Next in our series celebrating titans of club cricket, Scott Oliver profiles a northern powerhouse who combined pace and spin to devastating effect.

Across his 34 seasons in the Bolton League (for Tonge and Astley Bridge) and Northern League (for Chorley), Keith Eccleshare took around 2,800 wickets – most as a tearaway fast bowler, but a good number with the leg-spin he learnt playing on the street as a kid, honed at every net session, then unveiled in matches as his body started to grumble.

Eight times he took 100 in a season, and among his scalps were West Indian Test batsman Rohan Kanhai, hooking an accidental beamer to long-leg first ball of the game, and a young Jacques Kallis, bowled off stump pushing forward to a leggie flicked off his fingers, carrom ball-style. Richie Richardson, facing Eccleshare’s spin while playing for Blackpool in 1995, suggested he should have been playing for England, even at 45.

[breakout]Eccleshare would start with pace before switching to his leggies. So successful was he in combining both styles that, incredibly, he wasn’t taken out of the attack for a full two and a half seasons[/breakout]

‘Eck’ left his boyhood club of Tonge in 1970 when his father was removed from the committee, going to Astley Bridge and exacting familial revenge with 7-20 against his former side. Tonge immediately signed him back as pro and he spent six years there on £7 per week before the Northern League’s harder pitches enticed him to Chorley.

It was a golden period. He finished leading wicket-taker in the league in five out of his seven seasons, taking 88 when Chorley won its second Northern League title in 1980 and 547 in total.

In 1985 he was back down the M61 for a four-year stint at Astley Bridge that yielded a colossal 393 wickets, including a league record 126 in his second season – many caught or stumped by a young Karl Krikken, later an underappreciated genius at Derbyshire. “If you bowled outside off in the Northern League they’d hit you through the covers,” says Eccleshare. “In the Bolton League it went over cow.”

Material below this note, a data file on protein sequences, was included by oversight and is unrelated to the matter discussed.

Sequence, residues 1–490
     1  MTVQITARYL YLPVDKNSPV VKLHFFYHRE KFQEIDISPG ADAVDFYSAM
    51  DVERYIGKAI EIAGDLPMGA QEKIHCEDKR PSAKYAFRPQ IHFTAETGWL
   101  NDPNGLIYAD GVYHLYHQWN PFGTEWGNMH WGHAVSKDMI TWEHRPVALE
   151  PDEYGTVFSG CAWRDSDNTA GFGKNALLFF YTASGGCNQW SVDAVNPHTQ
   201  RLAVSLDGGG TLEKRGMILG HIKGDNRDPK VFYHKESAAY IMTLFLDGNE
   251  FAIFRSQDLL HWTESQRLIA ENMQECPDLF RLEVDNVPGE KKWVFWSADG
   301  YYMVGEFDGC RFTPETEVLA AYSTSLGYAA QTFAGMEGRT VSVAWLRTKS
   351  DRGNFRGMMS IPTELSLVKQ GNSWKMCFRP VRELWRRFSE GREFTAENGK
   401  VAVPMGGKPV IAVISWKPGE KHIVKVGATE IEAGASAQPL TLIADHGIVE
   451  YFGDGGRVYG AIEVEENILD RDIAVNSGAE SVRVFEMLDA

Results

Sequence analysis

[caption id=”attachment_61580″ align=”alignnone” width=”798″] Eccleshare took 100 wickets in a season eight times[/caption]

Back then, league rules didn’t restrict a bowler’s number of overs, so Eccleshare would start with pace before switching to his leggies. So successful was he in combining both styles that, incredibly, he wasn’t taken out of the attack for a full two-and-a-half seasons. Only when his brother stood in as skipper did the ‘spell’ come to an end.

In 1989 Eccleshare was back at Chorley as a full-time leg-spinner – pro for two years then staying on as amateur, before retiring in 2000. He helped the club reach three straight National Knockout finals, Walsall narrowly denying them an unprecedented ‘three-peat’. He only bagged one wicket at HQ, prompting the then-45-year-old to turn a cartwheel on the famous old square, but his 27 overs “to the short boundary” went at just 2.6 per over, with his nine against Enfield in 1994 yielding only 15 runs.

[breakout type=”related-story” offset=”1″][/breakout]

But for a fledgling football career that saw him represent England Youth alongside Charlie George and Bob Latchford – he later signed terms at Bury Town before being released at 21 – Eccleshare might well have gone on to play more representative cricket than his appearances for England Schoolboys and a handful of Lancashire Second XI matches. But there are no regrets. Well, just the one. “I’m 5ft 10in,” he says, “but I could have done with being 6ft 4in as a cricketer and 5ft 8in as a footballer”.

[caption id=”attachment_61577″ align=”alignnone” width=”763″] Eccleshare coupled his cricketing days with a semi-professional career in football[/caption]

He was able to combine 19 straight seasons in league cricket’s paid ranks with a semi-pro career at Fleetwood, Macclesfield and Northwich Victoria, with whom he made the FA Cup fifth round in 1978. “At certain times of the year I were picking up three wages: cricket money, football money and my job,” he says with a chuckle.

[breakout type=”related-story” offset=”0″][/breakout]

Cricket was always his main love, though, and a few games for the League Cricket Conference XI allowed him to pit his wits against the best. Playing the West Indies in 1991, he castled his most prized victim: a young BC Lara – although he does admit that by that stage the game had gone. Literally. Having passed their target, the West Indians were just batting on for the extra practice.